In many ways, Russian activities in Ukraine and Syria share similar motivating factors. In the same way that the intervention in Ukraine was driven in large part by fear of Western political encroachment in Moscow’s sphere of influence, Russian aggression in Syria was also induced by the need to protect a key allied state in Assad’s Syria. Maintaining key naval assets is also a critical need for Russia, as ensuring the security of bases in Sevastopol and Tarsus is essential for it to retain its power projection capabilities in the Middle East and the Mediterranean. At the same time, Russia’s Syrian intervention is a response to the economic sanctions imposed by the West over the Ukraine crisis. By taking the lead in Syria and committing a large military force to combat extremism, Putin believes that he can compel Western countries to ease their sanctions in return for Russian assistance against Islamic State.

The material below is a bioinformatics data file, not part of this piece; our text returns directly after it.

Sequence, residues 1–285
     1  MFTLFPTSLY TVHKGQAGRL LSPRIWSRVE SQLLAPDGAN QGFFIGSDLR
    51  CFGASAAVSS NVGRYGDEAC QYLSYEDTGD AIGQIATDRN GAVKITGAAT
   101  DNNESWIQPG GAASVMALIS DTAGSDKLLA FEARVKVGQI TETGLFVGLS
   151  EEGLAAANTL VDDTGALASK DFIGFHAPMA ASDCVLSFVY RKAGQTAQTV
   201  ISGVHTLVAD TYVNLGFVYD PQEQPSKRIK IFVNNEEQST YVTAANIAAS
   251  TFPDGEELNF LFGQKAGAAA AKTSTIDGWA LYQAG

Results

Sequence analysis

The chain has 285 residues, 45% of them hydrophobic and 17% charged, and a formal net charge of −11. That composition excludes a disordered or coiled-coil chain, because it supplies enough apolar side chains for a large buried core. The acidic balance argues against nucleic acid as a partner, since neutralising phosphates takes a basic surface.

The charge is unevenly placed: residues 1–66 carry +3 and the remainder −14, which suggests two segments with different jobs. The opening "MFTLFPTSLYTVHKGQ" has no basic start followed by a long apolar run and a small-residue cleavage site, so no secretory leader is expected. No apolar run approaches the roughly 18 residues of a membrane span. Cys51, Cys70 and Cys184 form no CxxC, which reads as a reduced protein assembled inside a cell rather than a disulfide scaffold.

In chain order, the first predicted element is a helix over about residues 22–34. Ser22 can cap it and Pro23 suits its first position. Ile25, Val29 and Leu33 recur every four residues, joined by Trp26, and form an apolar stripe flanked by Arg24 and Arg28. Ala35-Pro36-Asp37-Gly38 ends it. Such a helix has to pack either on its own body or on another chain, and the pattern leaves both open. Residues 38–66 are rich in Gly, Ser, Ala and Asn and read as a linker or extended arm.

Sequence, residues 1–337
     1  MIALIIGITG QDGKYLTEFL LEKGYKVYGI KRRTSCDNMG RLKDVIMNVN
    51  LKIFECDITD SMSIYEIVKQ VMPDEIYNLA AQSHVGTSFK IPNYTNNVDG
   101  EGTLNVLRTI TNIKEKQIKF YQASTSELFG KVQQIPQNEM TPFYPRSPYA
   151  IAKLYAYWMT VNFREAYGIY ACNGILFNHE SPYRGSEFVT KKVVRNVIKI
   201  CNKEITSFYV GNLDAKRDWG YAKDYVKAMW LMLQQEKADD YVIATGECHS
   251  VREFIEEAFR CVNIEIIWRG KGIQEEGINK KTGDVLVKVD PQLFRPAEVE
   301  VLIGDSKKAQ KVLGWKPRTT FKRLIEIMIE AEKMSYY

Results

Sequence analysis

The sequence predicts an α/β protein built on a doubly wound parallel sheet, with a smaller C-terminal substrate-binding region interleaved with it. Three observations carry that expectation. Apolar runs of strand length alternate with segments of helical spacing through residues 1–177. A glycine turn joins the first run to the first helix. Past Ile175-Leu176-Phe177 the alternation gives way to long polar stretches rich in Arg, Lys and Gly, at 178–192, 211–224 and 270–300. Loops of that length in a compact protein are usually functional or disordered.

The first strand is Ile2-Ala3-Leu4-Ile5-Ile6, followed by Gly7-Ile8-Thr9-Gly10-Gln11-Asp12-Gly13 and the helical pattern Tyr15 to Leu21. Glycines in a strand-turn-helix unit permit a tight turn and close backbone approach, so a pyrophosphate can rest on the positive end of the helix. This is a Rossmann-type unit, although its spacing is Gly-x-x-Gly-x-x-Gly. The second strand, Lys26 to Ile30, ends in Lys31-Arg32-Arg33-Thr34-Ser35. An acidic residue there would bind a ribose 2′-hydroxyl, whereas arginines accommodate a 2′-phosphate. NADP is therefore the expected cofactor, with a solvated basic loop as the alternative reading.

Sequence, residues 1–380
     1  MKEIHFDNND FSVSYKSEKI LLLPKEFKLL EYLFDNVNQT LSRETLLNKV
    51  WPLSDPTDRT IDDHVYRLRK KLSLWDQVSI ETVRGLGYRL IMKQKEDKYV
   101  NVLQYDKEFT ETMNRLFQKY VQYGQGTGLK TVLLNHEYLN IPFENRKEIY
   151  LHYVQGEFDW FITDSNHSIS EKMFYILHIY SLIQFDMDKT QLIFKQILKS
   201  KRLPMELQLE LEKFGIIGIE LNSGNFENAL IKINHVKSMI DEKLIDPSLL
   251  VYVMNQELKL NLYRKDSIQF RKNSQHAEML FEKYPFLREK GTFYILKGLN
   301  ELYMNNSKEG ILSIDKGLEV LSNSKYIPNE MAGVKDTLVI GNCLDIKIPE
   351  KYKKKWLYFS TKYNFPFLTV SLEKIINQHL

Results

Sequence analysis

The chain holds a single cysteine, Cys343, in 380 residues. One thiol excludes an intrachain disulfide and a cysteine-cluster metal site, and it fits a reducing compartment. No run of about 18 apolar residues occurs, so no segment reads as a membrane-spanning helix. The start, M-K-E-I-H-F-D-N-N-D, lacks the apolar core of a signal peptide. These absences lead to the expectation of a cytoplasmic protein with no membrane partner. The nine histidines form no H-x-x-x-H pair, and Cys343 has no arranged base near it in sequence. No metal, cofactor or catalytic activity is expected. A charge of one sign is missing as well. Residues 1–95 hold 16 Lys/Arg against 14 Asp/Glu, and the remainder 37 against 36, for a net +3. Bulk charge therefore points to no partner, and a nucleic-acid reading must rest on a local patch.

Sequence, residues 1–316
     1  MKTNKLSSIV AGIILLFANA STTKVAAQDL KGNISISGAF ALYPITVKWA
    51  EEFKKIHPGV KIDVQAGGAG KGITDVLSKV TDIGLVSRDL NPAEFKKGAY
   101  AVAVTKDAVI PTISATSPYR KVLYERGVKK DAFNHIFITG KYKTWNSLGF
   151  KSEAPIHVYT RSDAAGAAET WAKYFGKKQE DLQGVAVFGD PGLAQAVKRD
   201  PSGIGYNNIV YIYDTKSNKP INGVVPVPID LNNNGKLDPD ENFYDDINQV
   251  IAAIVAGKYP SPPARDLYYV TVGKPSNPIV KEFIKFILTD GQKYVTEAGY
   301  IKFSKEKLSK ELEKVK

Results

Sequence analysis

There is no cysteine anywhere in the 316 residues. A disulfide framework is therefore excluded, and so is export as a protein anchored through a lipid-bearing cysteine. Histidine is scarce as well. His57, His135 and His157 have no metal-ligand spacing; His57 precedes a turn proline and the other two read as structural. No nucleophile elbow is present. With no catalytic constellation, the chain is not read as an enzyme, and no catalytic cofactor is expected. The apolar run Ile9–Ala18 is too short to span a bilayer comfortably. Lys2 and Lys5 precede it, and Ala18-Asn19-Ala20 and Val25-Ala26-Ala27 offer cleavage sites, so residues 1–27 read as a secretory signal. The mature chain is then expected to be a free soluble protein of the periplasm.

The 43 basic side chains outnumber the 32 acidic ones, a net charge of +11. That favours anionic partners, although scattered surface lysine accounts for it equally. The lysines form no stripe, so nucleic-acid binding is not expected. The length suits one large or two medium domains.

In sum, Russia’s global strategy is centered on aggressively countering threats to Russia’s political buffer states in Ukraine and Syria, while also maintaining Russia’s ability to project power abroad from its key naval facilities. Through his attempts to leverage Russia’s military role in the Middle East to force the West to work in concert with Moscow, Putin has shown that he recognizes Russia must reintegrate within the world community to spare its economy the ill effects of crippling sanctions.